A suspenseful disaster narrative.



Popular historian Laskin (Partisans, 2000, etc.) gives an engrossing if speculative account of a brutal 1888 blizzard that signaled the end of optimism on the Great Plains.

“The tragedy of the January 12 blizzard was that the bad timing extended across a region and cut through the shared experiences of an entire population,” asserts the author. Laskin shrewdly takes a broad historical view, arguing that the snowstorm—which killed hundreds, including numerous schoolchildren—demonstrated the folly of settling the Dakota and Nebraska territories. In his telling, scores of Germans, Scandinavians, and persecuted Ukrainian Mennonites found irresistible American railroad agents’ promises of free grassland prairie homesteads in “one of the most beautiful climates in the world.” Though the land was indeed spacious, it proved capricious and unforgiving of the immigrants’ naiveté, besetting them with locusts, fires, snowstorms, droughts, and other seeming “acts of God.” Still, nothing compared to the 1888 blizzard, as its stoic survivors’ awed narratives make clear. Precursor storms arrived throughout 1887, devastating the open-range system of cattle management. (Theodore Roosevelt’s losses were particularly severe.) When temperatures rose unaccountably on January 12, the hapless settlers, unaware of what such oddities portended, assumed the warmth was more than momentary. Laskin intercuts between their recollections and the fledgling weather forecast service provided by the War Department’s Signal Corps, headed by notoriously incompetent martinet Adolphus Greely, who serves as the primary villain here. Clearly fascinated with forecasting’s infancy, the author leaves open the question of whether quicker communications or less interference by Greely might have helped save the far-flung settlers. Some children owed their lives to plucky schoolteachers who sequestered them in one-room schoolhouses overnight, burning desks for warmth; many others perished, snow-blind, only yards from inhabited structures. The blizzard’s toll provided fodder for the nation’s newspapers, which highlighted maudlin tales of heroism and tragedy; it also forced the transfer in 1891 of forecasting responsibilities to the Department of Agriculture.

A suspenseful disaster narrative.

Pub Date: Nov. 9, 2004

ISBN: 0-06-052075-2

Page Count: 320

Publisher: HarperCollins

Review Posted Online: May 20, 2010

Kirkus Reviews Issue: Sept. 15, 2004

Did you like this book?

No Comments Yet

The author's youthfulness helps to assure the inevitable comparison with the Anne Frank diary although over and above the...


Elie Wiesel spent his early years in a small Transylvanian town as one of four children. 

He was the only one of the family to survive what Francois Maurois, in his introduction, calls the "human holocaust" of the persecution of the Jews, which began with the restrictions, the singularization of the yellow star, the enclosure within the ghetto, and went on to the mass deportations to the ovens of Auschwitz and Buchenwald. There are unforgettable and horrifying scenes here in this spare and sombre memoir of this experience of the hanging of a child, of his first farewell with his father who leaves him an inheritance of a knife and a spoon, and of his last goodbye at Buchenwald his father's corpse is already cold let alone the long months of survival under unconscionable conditions.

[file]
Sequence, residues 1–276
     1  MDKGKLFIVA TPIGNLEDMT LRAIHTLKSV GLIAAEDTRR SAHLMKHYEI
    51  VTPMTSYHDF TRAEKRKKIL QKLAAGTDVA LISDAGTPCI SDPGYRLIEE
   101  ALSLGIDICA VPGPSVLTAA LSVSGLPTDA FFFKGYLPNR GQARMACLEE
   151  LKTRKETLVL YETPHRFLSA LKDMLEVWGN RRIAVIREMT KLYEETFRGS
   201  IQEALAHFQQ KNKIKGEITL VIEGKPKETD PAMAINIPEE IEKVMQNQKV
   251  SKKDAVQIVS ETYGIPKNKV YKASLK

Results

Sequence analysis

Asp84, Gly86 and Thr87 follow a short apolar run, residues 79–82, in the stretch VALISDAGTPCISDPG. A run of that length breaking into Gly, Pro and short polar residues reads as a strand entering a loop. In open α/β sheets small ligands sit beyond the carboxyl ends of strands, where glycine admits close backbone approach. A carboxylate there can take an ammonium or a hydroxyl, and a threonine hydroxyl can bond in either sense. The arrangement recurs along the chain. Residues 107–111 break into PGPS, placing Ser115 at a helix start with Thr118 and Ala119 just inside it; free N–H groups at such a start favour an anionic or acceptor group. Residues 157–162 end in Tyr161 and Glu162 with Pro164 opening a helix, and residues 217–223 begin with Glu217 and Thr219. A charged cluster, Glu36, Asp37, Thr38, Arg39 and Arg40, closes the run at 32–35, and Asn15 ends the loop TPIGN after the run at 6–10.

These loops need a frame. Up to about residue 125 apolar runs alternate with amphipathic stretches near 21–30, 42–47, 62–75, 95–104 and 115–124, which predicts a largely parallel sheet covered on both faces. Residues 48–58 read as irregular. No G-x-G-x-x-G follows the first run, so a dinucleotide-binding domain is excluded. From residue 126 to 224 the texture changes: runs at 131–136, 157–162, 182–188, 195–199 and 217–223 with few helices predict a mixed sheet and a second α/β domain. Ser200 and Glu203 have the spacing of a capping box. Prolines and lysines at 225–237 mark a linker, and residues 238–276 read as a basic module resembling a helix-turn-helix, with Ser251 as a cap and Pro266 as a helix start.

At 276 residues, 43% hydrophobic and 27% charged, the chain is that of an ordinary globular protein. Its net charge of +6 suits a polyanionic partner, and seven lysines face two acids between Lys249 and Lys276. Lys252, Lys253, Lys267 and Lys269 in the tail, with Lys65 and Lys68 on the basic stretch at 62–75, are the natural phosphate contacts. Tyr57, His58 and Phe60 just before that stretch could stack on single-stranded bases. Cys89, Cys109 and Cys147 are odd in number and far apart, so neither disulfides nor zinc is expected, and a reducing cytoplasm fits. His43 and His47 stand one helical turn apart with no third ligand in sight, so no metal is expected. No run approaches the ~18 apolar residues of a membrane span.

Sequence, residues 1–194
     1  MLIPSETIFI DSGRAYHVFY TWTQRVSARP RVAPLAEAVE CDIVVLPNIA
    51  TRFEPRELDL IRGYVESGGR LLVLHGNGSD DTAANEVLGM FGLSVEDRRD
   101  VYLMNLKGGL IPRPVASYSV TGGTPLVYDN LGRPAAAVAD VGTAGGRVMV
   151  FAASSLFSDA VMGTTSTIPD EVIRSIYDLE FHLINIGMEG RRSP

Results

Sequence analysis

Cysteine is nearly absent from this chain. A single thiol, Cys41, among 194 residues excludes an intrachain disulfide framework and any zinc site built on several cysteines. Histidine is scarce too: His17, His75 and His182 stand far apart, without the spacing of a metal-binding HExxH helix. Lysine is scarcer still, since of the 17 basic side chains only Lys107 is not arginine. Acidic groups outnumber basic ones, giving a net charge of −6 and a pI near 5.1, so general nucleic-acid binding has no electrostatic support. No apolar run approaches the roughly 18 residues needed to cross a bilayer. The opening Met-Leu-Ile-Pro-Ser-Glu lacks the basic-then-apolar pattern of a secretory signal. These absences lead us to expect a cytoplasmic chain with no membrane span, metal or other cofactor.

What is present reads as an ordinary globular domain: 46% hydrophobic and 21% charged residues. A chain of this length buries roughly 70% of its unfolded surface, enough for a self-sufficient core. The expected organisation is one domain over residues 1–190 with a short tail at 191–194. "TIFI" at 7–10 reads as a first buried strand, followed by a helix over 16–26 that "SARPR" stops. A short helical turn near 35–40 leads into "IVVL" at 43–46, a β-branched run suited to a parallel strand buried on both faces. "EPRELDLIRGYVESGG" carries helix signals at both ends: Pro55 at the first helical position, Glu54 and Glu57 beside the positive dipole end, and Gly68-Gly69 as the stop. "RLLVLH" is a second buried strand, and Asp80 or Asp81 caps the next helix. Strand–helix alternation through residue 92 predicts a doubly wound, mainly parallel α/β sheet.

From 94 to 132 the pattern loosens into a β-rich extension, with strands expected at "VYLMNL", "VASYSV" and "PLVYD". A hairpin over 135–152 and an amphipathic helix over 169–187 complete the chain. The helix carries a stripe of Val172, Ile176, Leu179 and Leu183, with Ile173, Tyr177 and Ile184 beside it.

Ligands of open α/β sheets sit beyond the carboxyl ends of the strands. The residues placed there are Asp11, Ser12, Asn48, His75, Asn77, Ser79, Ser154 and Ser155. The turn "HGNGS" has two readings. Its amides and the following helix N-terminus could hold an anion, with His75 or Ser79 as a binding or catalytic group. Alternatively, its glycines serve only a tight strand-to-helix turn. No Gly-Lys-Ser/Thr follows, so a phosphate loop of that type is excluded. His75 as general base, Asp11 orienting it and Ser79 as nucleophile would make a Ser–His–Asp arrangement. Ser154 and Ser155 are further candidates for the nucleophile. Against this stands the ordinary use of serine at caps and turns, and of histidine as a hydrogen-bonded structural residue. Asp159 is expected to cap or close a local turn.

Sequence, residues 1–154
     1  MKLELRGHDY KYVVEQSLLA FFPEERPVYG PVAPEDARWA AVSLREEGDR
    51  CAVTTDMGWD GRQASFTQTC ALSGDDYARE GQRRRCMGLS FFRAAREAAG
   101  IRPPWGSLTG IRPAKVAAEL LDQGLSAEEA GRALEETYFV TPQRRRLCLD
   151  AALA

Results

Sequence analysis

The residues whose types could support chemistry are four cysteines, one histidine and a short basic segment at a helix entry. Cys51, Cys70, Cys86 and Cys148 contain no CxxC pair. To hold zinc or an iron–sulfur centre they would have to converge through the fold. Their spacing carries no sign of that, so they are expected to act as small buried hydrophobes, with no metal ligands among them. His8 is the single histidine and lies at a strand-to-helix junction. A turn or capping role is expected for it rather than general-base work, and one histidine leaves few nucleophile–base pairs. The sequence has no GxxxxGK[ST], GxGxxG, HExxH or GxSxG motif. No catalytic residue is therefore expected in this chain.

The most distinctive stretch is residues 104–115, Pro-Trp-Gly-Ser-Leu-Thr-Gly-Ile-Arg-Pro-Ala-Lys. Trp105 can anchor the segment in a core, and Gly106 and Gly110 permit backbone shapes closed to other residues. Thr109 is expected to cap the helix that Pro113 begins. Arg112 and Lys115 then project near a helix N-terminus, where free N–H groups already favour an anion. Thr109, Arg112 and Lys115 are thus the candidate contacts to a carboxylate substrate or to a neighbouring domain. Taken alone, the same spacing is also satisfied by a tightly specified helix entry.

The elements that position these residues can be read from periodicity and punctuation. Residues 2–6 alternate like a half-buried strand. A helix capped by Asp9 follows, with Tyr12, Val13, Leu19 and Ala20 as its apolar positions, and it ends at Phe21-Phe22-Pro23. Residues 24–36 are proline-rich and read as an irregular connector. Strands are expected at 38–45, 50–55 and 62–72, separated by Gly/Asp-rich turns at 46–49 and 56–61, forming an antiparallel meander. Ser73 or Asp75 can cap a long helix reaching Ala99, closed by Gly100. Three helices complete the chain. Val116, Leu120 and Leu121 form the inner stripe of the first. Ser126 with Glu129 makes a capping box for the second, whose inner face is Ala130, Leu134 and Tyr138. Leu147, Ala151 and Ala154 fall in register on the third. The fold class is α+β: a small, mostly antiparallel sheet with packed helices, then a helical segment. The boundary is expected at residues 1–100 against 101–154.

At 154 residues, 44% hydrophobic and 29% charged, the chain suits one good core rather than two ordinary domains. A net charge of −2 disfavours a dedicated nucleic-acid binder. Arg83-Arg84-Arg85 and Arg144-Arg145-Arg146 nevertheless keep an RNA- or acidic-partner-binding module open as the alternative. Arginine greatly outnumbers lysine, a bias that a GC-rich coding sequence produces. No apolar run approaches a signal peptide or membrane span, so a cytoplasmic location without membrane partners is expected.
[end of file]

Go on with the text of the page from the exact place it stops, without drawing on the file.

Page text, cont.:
The author's youthfulness helps to assure the inevitable comparison with the Anne Frank diary although over and above the sphere of suffering shared, and in this case extended to the death march itself, there is no spiritual or emotional legacy here to offset any reader reluctance.

Pub Date: Jan. 16, 2006

ISBN: 0374500010

Page Count: 120

Publisher: Hill & Wang

Review Posted Online: Oct. 7, 2011

Kirkus Reviews Issue: Jan. 15, 2006

Did you like this book?


For Howard Zinn, long-time civil rights and anti-war activist, history and ideology have a lot in common. Since he thinks that everything is in someone's interest, the historian—Zinn posits—has to figure out whose interests he or she is defining/defending/reconstructing (hence one of his previous books, The Politics of History). Zinn has no doubts about where he stands in this "people's history": "it is a history disrespectful of governments and respectful of people's movements of resistance." So what we get here, instead of the usual survey of wars, presidents, and institutions, is a survey of the usual rebellions, strikes, and protest movements. Zinn starts out by depicting the arrival of Columbus in North America from the standpoint of the Indians (which amounts to their standpoint as constructed from the observations of the Europeans); and, after easily establishing the cultural disharmony that ensued, he goes on to the importation of slaves into the colonies. Add the laborers and indentured servants that followed, plus women and later immigrants, and you have Zinn's amorphous constituency. To hear Zinn tell it, all anyone did in America at any time was to oppress or be oppressed; and so he obscures as much as his hated mainstream historical foes do—only in Zinn's case there is that absurd presumption that virtually everything that came to pass was the work of ruling-class planning: this amounts to one great indictment for conspiracy. Despite surface similarities, this is not a social history, since we get no sense of the fabric of life. Instead of negating the one-sided histories he detests, Zinn has merely reversed the image; the distortion remains.

Pub Date: Jan. 1, 1979

ISBN: 0061965588

Page Count: 772

Publisher: Harper & Row

Review Posted Online: May 26, 2012

Kirkus Reviews Issue: Jan. 1, 1979

Did you like this book?

No Comments Yet